The National Geographic Society has been inspiring people to care about the planet since 1888. National Geographic Maps publishes more than 100 new print maps annually and is a leading developer of digital map content found in websites and award-winning mobile apps. All proceeds from the sale and licensing of National Geographic maps go to support the Society's vital exploration, conservation, research and education programs. www.natgeomaps.com
In 1990, the manufacturing industry was the leading employer in most U.S. states, followed by retail trade. In 2003, retail trade was the leading employer in a majority of states. By 2013, health care and social assistance was the dominant industry in 34 states. This animated map shows the top industry in each state and the District of Columbia from 1990 to 2013.
"This animation distils hundreds of years of culture into just five minutes. A team of historians and scientists wanted to map cultural mobility, so they tracked the births and deaths of notable individuals like David, King of Israel, and Leonardo da Vinci, from 600 BC to the present day. Using them as a proxy for skills and ideas, their map reveals intellectual hotspots and tracks how empires rise and crumble. The information comes from Freebase, a Google-owned database of well-known people and places, and other catalogues of notable individuals. The team is based at the University of Texas at Dallas."
Scientists have issued a new warning to the world’s coastal megacities that the threat from subsiding land is a more immediate problem than rising sea levels caused by global warming.
A new paper from the Deltares Research Institute in the Netherlands published in April identified regions of the globe where the ground level is falling 10 times faster than water levels are rising - with human activity often to blame.
In Jakarta, Indonesia’s largest city, the population has grown from around half a million in the 1930s to just under 10 million today, with heavily populated areas dropping by as much as six and a half feet as groundwater is pumped up from the Earth to drink.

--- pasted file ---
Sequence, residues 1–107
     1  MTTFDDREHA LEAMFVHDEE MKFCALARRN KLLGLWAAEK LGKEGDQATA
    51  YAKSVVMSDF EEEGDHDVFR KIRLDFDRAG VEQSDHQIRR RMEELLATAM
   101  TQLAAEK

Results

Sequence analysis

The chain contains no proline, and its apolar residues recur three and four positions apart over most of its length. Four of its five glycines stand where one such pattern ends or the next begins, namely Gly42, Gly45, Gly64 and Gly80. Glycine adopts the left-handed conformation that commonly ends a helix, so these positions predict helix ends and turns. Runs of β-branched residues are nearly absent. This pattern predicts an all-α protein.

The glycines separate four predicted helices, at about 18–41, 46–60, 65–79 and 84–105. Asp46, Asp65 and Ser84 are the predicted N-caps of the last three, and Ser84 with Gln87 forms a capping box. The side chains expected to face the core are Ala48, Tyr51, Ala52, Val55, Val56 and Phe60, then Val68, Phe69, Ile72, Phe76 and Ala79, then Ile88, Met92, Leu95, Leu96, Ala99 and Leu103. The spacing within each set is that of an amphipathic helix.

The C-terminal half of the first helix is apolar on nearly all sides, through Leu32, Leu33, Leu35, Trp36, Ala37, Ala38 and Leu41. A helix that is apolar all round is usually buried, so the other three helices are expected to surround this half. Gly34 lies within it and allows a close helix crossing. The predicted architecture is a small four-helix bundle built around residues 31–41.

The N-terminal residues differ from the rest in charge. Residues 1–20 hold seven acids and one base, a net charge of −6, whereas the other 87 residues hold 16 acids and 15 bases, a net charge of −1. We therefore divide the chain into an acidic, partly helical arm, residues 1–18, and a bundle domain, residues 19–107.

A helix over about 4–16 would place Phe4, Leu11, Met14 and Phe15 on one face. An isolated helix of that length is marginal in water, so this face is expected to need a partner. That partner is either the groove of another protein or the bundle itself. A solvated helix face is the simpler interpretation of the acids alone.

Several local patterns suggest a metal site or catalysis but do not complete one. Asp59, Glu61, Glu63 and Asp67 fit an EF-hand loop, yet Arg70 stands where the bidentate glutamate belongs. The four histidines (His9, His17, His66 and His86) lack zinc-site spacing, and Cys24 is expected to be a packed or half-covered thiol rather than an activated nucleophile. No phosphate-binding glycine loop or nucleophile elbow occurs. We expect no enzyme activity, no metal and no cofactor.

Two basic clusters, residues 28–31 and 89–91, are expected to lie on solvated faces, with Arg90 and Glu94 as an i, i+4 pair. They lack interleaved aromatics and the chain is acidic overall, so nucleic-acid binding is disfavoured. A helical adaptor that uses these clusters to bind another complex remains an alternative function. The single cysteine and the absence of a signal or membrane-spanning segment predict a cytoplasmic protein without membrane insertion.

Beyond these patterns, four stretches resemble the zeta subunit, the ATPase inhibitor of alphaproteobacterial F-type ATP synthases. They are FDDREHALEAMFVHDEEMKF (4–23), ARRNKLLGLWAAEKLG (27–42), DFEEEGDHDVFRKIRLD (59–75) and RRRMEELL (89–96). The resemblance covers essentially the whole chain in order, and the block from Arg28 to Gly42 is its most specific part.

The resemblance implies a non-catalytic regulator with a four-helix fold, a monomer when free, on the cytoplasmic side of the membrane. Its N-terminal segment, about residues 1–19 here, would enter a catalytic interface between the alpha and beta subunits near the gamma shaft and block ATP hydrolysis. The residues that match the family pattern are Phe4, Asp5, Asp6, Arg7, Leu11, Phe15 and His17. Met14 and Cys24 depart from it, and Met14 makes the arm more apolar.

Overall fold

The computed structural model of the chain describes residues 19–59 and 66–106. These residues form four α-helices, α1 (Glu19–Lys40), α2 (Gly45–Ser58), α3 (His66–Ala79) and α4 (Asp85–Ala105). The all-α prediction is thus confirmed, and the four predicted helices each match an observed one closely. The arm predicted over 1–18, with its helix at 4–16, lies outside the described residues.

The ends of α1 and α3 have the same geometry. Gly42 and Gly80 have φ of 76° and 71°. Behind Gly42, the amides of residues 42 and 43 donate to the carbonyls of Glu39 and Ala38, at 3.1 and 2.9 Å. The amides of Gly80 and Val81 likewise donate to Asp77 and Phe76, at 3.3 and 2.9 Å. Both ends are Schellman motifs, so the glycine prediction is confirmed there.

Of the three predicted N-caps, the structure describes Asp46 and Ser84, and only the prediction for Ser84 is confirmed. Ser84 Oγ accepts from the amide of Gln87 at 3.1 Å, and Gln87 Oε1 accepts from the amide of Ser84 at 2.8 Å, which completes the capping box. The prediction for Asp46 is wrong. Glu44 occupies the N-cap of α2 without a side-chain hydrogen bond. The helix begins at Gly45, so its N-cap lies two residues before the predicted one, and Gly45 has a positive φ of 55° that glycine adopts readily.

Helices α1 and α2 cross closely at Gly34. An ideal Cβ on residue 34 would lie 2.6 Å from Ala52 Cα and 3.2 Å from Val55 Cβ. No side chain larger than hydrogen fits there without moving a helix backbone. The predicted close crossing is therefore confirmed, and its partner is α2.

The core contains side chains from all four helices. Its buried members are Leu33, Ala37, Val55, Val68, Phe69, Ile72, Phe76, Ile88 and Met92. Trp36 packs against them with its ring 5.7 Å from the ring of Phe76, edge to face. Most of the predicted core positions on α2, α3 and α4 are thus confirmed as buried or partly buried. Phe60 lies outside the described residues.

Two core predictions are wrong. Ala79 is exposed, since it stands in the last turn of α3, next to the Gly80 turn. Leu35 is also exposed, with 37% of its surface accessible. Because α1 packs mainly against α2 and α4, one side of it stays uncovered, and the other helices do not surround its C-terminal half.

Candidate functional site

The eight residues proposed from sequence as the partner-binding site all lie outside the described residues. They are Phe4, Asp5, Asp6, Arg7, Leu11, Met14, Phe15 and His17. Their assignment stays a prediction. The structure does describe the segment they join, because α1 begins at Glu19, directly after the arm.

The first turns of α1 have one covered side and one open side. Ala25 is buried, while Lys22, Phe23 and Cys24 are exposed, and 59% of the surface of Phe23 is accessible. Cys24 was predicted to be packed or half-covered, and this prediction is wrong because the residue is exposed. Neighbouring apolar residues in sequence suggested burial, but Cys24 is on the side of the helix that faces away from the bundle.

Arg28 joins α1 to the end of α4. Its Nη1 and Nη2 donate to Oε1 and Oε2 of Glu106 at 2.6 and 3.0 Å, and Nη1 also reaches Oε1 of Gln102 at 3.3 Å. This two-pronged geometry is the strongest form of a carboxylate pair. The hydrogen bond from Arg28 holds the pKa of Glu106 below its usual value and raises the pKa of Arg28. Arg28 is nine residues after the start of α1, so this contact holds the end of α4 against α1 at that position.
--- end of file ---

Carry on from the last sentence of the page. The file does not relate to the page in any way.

The same practice led to Tokyo’s ground level falling by two meters before new restrictions were introduced, and in Venice, this sort of extraction has only compounded the effects of natural subsidence caused by long-term geological processes.
As the traditional lecture has come increasingly under fire for being completely out of touch with modern teaching and learning methods, there has been a move by many teachers, conference presenters and lecturers to make their teaching techniques more modern and interactive. One of the key technologies for enabling this has been a range of audience response systems that provide real time responses to polls, questions and surveys while the speakers is actually presenting.
iMENTORS, the data warehouse on all e-infrastructure development projects of Sub-Saharan Africa, is one step closer to becoming the most comprehensive crowdsourcing map on ICT infrastructures in Sub-Saharan Africa.
Maps can be a remarkably powerful tool for understanding the world and how it works, but they show only what you ask them to. So when we saw a post sweeping the Web titled “40 maps they didn’t teach you in school,” one of which happens to be a WorldViews original, I thought we might be able to contribute our own collection. Some of these are pretty nerdy, but I think they’re no less fascinating and easily understandable. A majority are original to this blog (see our full maps coverage here), with others from a variety of sources. I’ve included a link for further reading on close to every one.
"Did you know know that there are some excellent reading opportunities in Story Maps? This map serves as a table of contents for using Story Maps with Common Core Reading Standards. Reinventing the wheel isn't necessary with so many great maps and data sources that will help us teaching reading, writing and thinking with engaging content and little effort."
Via Seth Dixon
"[This map's] an unabashedly generalized interactive population density map inspired/stolen from a map by William Bunge entitled Islands of Mankind that I came across on John Krygier‘s blog. I thought Bunge’s map was a novel way to look at population density, and I’ve tried to stay close to the spirit of the original."
"This cool new historic mapping app from the folks at esri and the U.S. Geological Survey is worth exploring. What it does is take 100 years of USGS maps and lets you overlay them for just about any location in the nation. That allows users to see how a city – say Harrisburg – developed between 1895 and today. The library behind the project includes more than 178,000 maps dating from 1884 to 2006."
" The Smithsonian Magazine recently dipped into David Rumsey's collection of over 150,000 maps to find some of the best representations of American cities over the past couple hundred years. With some simple programming, they were able to overlay images of vintage maps of some major cities onto satellite images from today. The results are fascinating."